Intercultural communication : British knowledge workers in a Norwegian working environment
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- Master Thesis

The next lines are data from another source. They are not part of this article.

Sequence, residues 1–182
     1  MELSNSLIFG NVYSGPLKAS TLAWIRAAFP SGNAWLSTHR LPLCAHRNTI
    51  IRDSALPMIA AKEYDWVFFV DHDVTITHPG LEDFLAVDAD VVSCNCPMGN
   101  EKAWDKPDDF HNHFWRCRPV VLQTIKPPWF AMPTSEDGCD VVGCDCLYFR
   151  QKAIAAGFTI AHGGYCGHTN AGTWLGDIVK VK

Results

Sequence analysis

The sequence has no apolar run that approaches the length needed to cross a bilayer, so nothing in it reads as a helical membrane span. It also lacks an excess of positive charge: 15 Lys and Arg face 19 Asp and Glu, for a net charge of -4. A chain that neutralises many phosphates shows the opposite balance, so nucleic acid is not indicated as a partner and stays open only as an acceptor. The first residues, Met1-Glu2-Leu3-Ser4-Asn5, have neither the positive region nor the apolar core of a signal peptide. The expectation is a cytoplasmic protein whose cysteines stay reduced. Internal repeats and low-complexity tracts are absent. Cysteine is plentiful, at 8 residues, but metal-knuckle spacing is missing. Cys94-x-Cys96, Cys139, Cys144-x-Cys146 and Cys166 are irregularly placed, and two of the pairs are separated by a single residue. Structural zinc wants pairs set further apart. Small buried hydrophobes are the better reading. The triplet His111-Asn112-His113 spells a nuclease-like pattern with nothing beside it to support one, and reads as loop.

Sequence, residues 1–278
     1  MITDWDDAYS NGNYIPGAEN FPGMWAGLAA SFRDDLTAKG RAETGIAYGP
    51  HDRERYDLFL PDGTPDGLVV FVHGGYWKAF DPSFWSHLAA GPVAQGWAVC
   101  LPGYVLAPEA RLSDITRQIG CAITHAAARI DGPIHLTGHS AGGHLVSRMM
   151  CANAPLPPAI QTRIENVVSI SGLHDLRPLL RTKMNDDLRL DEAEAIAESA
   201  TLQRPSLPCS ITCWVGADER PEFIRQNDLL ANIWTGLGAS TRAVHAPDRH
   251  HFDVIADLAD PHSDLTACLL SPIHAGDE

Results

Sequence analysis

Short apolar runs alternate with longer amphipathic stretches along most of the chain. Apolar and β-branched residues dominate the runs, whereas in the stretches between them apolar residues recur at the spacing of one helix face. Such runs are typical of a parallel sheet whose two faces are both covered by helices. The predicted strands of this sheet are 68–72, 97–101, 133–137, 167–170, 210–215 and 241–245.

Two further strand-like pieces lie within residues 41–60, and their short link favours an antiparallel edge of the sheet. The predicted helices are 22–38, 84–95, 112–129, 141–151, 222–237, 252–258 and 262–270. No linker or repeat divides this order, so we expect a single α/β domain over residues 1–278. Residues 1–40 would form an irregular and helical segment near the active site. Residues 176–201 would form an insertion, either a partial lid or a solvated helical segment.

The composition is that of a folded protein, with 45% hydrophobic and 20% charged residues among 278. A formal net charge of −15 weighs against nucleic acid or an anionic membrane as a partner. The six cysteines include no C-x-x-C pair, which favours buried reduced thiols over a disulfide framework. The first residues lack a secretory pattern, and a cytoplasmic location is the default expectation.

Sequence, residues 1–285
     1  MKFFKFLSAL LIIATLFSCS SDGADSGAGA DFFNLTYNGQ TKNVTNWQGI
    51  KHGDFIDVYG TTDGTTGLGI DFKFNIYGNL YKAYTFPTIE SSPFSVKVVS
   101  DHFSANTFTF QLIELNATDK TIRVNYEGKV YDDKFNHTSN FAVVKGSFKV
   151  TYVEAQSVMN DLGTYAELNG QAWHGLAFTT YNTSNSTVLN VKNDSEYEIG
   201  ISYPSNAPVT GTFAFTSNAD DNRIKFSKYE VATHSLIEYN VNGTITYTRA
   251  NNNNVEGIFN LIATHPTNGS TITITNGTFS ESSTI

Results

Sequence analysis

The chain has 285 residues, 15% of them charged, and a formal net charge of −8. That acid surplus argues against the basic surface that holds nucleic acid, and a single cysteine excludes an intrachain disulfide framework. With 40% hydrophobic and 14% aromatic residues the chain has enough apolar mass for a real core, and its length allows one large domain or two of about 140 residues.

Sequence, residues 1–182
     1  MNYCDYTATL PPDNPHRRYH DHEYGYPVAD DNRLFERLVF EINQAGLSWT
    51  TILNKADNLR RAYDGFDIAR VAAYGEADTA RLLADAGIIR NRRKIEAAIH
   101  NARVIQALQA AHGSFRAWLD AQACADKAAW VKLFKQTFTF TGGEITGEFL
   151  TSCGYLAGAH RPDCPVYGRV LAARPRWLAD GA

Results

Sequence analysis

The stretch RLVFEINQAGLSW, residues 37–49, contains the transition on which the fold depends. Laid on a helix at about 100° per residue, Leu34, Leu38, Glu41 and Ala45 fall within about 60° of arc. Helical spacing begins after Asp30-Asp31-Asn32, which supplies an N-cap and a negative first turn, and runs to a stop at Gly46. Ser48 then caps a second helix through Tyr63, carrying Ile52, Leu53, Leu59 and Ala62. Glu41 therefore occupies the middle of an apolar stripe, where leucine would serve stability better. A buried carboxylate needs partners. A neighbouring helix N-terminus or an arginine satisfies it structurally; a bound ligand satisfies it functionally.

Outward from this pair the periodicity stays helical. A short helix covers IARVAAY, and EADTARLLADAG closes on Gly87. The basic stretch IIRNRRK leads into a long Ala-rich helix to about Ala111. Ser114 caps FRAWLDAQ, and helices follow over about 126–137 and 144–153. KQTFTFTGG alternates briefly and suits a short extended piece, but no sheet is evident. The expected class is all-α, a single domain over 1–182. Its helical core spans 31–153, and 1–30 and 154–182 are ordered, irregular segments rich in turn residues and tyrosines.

One of Norway’s main industries is oil and gas, which has an international character. In addition, within this sector there is a greater demand for knowledge workers as opposed to traditional workers. To date, there is a lack of research and literature directly comparing Norway to Britain with respect to intercultural communication. Therefore, we wish to map potential barriers regarding culture and communication in order to fill this gap. Thus, the following research question was proposed: What are the main cultural and communication challenges perceived by British knowledge workers with regard to the Norwegian working environment? The research question was answered through conducting 16 semi-structured in-depth interviews with British knowledge workers in eight different companies. The Norwegian working environment is assessed through a British perspective. As this approach is of a qualitative nature without hypotheses or a probability sample, we are not able to draw statistical conclusions or generalize our findings. However, we aim to encourage further research within various fields as a result of our interpretation of our findings. One of our most significant findings could be that the Law of Jante is underestimated with regard to the GLOBE cultural dimensions. The degree to which the “law” is rooted in Norwegian culture may not necessarily be revolutionary, but the scope of its effect on office culture in a multicultural context is of interest. Aspects of the Law of Jante could affect a Norwegian’s desire for feedback, conflict aversion, how ideas are shared, and who should take responsibility. This might influence the manner in which British and Norwegians communicate in the working environment. Another finding concerns the importance of the role of English as a Lingua Franca and the average English proficiency of Norwegians, as these aspects may pose challenges for a Briton attempting to learn Norwegian.